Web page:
Harvard Business Review conducted a survey spanning diverse industries and found that positive relationships significantly impacted job satisfaction. Even employees who worked trivial or tireless jobs were satisfied with their careers when they maintained strong relationships in the workplace.
Social connection matters, and leaders need to set a precedent. Be examples by creating social opportunities for your employees, encouraging robust communication, and leading team-building activities to improve team-wide connection.
How Can Leaders Improve EQ?
Improving EQ is a skill that any leader can acquire if they work hard and use the right resources. While these skills will come more naturally to some than others, all leaders must recognize the value of improving them.
Here is a list of strategies you can use to build on your existing social skills and relate more easily to your team:
Look inward: The first step in improving your EQ is understanding your inner workings. Focus on your feelings, why you feel that way, and what has prompted the feelings. Enhancing your sense of self will allow you to reflect more accurately on those around you. Consider reading Emotional Intelligence 2.0 by Travis Bradburry as a resource.
Practice: Every interaction is an opportunity to practice your social skills. Think about how certain situations make you feel, and then consider how this person may be similar or different from you. Focus on how these factors may affect how your employees react to a particular response. Lead with intent and understand that you may not get it right every time.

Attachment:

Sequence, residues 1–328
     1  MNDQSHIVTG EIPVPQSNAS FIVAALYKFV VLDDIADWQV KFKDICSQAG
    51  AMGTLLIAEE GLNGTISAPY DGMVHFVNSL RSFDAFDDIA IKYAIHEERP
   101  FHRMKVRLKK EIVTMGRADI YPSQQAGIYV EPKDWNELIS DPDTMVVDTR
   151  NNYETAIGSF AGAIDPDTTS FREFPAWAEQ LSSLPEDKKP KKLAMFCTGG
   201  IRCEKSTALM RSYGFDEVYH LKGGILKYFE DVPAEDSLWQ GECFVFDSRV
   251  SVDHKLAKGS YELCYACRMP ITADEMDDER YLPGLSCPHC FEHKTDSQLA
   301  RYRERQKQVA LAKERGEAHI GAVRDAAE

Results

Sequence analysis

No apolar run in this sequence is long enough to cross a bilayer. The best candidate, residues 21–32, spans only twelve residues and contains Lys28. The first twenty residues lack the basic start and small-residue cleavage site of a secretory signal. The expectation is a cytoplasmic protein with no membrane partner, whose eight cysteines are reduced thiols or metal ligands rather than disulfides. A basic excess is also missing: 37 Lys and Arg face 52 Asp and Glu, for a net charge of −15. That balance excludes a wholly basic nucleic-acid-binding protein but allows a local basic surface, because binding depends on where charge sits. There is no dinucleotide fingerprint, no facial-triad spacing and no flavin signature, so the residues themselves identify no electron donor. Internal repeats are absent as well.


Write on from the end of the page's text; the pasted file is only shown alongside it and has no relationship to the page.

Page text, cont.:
Listen: One of the best ways to improve your EQ is by taking a step back and listening. Hear what your employees say and allow them to do most of the talking. In meetings or 1:1s, focus on listening to your employees with intention. This will encourage your employees to open up to you.
Clarify: Don't be afraid to ask questions. Good communication revolves around clarity, and most miscommunication lies in misunderstanding the information being discussed. If you need help understanding, feel your employee needs clarification, or have questions regarding a vague topic, stop and ask for clarity. Before continuing a conversation, ensure that both parties are on the same page.
Focus on actions: The goal of improving EQ is to connect easily with your employees. And the purpose of this connection is to help your employees reach their potential. So if all else fails, focus on helping your employees reach their goals. Use your skills to discern what makes them tick and develop a pathway toward accomplishing their goals.
Request feedback: Sometimes, the only way to know how employees feel about your leadership abilities is to ask them. Use different feedback tools to gain as much insight as you can. Feedback can open your eyes to certain qualities or struggles you didn't realize. It is often difficult to know precisely how you come across to others. To combat this, use surveys and other tools to encourage honest feedback from your team.
You can also stay informed, educated, and up-to-date with leadership practices and other important topics by using BerniePortal’s comprehensive resources: